The Year Punk Broke Finally Gets Reissued: Where The Featured Bands Are Today

The Year Punk Broke Finally Gets Reissued: Where The Featured Bands Are Today
By Jaime Lees
Wed., Sep. 21 2011 at 10:14 AM

About twenty years ago, Sonic Youth’s Thurston Moore asked his friend, filmmaker Dave Markey, to document the band’s short European tour, including its performance at the massive Reading Festival.

Markey (best known for his underground classic Desperate Teenage Lovedolls) left with his passport, a camera and a suitcase full of Super 8 film. When he returned he had nine hours of raw footage and the makings of the best visual documentary of 1990s indie rock before the grunge explosion. The film features many indie bands in their prime, including Nirvana, Dinosaur Jr and Babes in Toyland. It’s sort of the video companion to Michael Azerrad’s Our Band Could Be Your Life.

1991: The Year Punk Broke existed for years as an out-of-print VHS with a cult following, but it was finally released on DVD last week. The DVD release contains the original documentary and a shit-load of extra features, including more than an hour of interviews, bonus footage and rough edits.

Lovingly described by Moore as a “home movie,” TYPB is gritty, shaky and absolutely perfect. Live concert footage is spliced with scenes of the bands shopping, eating, exploring various cities and just kind of hanging out. Sonic Youth serves as the main subject of the documentary, with Moore emerging as particularly hammy and entertaining. (See: Thurstonitis)

To truly understand TYPB, viewers must first watch Madonna’s Truth or Dare. Madge’s classic black and white tour doc had just been released at the time and it was a major moment in pop culture. There are many skits and inside jokes included in TYPB that reference Truth or Dare. (Including a brilliant scene where Kurt Cobain plays the role of Kevin Costner.)

In the two decades that have passed since 1991, grunge took over and indie stopped meaning anything. But what has all this change wrought on the specific bands featured in 1991: The Year Punk Broke? We check in on some of the featured personalities below:

Sonic Youth
The doc was filmed one year after the release of Goo, but still before the release of Dirty. In the film, the members of Sonic Youth come off as just a little bit older, cooler and more harder-working than their peers. This has never changed. Sonic Youth will forever be populated with people that seem like cool older brother/sister-types. And they’ve become even more prolific: the band has released nine studio albums since the documentary, and the members have embarked on countless solo projects ranging from music to books to photography to art to fashion. Sonic Youth has always been a band that stood on a well-earned mountain of cred, and this has only become more true over time. Still, it is totally shocking that the band is still as well-respected and, well, as good as it was twenty years ago.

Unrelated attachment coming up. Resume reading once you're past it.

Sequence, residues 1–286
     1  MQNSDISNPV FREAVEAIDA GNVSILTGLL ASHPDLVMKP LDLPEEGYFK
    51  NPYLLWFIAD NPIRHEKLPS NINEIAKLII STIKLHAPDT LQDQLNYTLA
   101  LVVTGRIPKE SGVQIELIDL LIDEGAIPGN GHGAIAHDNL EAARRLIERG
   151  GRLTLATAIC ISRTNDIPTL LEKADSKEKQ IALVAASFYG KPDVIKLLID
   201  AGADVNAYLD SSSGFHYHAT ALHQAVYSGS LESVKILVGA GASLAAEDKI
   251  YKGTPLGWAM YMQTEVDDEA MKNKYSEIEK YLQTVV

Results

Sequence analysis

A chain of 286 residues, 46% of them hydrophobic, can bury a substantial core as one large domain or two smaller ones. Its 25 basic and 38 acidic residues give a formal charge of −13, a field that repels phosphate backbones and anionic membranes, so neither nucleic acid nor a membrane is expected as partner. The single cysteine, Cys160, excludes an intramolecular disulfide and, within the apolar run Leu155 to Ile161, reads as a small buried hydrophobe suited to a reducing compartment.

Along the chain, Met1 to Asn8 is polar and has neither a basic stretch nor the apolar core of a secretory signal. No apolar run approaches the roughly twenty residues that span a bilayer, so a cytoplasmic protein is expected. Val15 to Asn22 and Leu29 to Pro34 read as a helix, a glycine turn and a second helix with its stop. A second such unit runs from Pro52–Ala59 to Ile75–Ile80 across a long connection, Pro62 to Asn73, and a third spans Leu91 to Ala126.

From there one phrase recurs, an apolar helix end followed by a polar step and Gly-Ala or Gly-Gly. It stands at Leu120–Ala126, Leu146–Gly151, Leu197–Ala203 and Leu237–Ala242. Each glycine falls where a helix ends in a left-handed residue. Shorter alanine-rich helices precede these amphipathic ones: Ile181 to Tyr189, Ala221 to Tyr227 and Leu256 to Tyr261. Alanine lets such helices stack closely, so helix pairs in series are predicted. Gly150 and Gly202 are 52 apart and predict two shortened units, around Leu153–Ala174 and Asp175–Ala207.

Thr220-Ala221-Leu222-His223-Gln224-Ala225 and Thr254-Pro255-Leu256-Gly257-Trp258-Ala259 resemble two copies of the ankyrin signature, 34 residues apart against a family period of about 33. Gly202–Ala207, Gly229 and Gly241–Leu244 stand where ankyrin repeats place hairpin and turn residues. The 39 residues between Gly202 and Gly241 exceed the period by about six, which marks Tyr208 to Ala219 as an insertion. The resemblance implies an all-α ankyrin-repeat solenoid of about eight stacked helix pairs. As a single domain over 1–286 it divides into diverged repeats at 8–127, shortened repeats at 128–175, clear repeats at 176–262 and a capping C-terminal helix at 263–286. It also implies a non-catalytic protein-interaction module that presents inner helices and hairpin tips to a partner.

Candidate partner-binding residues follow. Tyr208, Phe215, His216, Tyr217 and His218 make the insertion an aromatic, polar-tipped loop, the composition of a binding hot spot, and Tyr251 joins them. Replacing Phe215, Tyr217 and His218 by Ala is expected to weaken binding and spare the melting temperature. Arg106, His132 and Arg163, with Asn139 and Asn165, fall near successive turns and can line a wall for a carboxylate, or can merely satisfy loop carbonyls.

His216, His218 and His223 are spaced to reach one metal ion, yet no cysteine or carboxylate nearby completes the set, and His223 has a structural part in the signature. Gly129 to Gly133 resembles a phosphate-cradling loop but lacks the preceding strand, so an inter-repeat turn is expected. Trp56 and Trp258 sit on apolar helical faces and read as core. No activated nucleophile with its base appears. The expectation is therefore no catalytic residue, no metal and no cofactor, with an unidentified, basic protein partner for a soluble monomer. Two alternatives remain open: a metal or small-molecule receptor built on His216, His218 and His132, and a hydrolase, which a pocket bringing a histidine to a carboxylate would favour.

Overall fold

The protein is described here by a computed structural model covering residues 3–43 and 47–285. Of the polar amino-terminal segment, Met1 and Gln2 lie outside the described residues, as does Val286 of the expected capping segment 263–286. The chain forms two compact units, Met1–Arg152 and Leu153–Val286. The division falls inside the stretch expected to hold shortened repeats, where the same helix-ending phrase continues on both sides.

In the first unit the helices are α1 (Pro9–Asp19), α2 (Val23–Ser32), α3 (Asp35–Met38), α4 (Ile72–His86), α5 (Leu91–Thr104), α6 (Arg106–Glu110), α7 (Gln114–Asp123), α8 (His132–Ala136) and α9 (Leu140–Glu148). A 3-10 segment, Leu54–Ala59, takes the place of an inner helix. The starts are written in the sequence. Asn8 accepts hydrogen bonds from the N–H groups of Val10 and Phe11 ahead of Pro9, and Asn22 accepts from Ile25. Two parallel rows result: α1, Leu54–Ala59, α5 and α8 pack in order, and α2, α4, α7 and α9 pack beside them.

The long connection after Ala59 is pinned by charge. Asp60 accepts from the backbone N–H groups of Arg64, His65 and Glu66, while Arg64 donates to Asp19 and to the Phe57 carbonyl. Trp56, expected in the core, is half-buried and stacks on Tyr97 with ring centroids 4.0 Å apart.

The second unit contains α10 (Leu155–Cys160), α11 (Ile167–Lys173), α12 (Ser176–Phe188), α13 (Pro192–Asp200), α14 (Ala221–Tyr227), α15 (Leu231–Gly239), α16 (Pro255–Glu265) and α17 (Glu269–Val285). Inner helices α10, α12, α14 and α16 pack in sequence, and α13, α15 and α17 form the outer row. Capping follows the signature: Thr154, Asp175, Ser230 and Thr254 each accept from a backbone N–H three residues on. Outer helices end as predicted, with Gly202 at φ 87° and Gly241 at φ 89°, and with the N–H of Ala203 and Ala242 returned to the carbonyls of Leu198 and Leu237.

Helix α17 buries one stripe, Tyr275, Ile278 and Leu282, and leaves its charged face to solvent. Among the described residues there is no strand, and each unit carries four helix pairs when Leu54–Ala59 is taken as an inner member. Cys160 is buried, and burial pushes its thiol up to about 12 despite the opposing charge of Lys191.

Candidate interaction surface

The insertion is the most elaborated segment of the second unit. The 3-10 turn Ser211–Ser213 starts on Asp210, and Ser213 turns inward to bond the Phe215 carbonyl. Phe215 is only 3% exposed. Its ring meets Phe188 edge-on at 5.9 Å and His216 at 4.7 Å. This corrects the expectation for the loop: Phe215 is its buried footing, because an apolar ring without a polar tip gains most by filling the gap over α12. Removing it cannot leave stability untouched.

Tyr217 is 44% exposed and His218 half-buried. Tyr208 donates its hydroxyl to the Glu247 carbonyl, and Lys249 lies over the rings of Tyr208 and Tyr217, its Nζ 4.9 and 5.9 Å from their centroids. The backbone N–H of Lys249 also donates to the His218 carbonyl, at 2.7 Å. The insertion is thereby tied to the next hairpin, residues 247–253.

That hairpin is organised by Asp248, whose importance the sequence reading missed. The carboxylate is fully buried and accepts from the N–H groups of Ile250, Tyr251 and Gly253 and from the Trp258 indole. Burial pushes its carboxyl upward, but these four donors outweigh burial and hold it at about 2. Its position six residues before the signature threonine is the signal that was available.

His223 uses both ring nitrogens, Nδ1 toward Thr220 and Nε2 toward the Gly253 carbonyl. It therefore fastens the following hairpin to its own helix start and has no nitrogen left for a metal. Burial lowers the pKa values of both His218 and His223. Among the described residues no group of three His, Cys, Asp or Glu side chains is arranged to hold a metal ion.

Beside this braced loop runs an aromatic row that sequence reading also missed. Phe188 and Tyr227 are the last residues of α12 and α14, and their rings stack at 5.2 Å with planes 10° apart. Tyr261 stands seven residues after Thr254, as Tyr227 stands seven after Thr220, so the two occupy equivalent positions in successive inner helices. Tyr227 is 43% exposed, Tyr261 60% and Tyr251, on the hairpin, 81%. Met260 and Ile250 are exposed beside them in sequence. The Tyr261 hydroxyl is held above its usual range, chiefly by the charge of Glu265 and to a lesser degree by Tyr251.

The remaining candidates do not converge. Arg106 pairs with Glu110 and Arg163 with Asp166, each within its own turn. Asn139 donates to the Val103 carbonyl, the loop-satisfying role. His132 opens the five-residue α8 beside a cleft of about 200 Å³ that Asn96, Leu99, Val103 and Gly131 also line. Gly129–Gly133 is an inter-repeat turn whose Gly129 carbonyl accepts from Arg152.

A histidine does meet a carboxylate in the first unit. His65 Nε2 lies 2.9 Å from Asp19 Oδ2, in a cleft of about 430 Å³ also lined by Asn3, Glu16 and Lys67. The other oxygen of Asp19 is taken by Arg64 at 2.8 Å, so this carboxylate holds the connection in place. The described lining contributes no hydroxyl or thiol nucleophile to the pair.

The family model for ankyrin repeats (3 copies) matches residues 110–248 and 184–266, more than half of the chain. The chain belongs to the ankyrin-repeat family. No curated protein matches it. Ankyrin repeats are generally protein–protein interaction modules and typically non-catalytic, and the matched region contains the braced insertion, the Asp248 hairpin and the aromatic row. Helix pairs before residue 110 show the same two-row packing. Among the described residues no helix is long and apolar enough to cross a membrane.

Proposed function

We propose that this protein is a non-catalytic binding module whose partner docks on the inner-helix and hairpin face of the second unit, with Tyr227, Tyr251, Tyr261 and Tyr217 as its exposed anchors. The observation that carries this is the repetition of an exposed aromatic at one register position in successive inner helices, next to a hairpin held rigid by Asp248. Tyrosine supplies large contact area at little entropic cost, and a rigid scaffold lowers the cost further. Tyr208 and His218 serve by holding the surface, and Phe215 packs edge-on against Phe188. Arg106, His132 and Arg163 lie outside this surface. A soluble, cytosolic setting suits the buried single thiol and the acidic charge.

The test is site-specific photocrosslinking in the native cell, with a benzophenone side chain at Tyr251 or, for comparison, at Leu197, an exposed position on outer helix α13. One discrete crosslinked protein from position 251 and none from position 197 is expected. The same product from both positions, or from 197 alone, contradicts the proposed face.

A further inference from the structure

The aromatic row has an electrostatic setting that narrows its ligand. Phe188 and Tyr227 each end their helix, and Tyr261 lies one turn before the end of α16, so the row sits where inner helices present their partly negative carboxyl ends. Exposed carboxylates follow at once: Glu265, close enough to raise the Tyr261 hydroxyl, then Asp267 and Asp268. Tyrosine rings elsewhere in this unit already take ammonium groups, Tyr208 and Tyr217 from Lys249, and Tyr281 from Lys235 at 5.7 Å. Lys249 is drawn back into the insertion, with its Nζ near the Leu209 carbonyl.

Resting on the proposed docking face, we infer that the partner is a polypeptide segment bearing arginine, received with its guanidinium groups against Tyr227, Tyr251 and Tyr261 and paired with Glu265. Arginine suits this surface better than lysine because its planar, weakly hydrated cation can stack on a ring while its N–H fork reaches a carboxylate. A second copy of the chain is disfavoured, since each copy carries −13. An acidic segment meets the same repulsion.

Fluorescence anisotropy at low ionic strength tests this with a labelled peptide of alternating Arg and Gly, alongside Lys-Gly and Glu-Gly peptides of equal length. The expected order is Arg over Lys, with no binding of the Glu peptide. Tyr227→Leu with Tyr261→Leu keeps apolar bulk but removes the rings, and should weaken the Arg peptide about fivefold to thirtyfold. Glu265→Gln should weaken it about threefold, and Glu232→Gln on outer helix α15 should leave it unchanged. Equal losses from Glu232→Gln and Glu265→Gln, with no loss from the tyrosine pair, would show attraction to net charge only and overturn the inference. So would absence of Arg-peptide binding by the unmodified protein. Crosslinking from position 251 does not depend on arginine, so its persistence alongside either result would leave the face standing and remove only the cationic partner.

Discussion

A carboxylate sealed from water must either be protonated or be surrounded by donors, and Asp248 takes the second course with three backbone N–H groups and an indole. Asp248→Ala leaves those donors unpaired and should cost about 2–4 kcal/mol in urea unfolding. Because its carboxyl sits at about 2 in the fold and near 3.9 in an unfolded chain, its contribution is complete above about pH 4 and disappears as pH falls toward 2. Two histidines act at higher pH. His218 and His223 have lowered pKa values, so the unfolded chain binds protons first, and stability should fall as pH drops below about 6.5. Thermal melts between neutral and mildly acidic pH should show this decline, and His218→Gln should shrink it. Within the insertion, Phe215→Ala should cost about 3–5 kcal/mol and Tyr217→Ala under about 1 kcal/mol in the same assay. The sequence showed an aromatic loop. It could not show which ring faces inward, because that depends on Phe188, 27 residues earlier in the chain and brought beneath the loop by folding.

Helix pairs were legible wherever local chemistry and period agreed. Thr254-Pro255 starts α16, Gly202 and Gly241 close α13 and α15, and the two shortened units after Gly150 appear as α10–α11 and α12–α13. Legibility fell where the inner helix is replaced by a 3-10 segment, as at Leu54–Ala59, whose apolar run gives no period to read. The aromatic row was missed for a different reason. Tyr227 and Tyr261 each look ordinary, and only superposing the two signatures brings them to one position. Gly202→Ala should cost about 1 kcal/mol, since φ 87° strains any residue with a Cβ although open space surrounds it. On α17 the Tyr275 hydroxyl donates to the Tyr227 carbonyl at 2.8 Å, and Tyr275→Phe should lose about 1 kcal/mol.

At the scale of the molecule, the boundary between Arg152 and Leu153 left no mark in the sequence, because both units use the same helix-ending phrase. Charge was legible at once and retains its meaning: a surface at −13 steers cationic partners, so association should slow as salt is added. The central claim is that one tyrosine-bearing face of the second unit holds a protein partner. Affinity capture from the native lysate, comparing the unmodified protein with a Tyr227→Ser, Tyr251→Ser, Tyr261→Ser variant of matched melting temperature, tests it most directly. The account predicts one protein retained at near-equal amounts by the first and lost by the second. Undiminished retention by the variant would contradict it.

Babes in Toyland
The Babes were fresh off of a tour with Sonic Youth and seemed to be extra feisty. The band only had one song featured on the video, but it was the tribal and violent “Dustcake Boy.” This song is one of the better examples of singer Kat Bjelland’s trademark angry leopard-like yelps. Babes released its biggest album, Fontanelle, in 1992 and had a couple more albums after that before calling it quits. There have been a few reunion shows, but the most interesting story to come out of the demise of Babes in Toyland is what happened to Kat Bjelland. Anyone familiar with Bjelland’s work would should not be surprised to find out that she began to suffer from multiple personalities and was diagnosed as schizophrenic in 2007. She spent a year under medical mental care and came out just as stubborn and creative and badass, releasing albums with her new band, Katastrophy Wife.

Joe Cole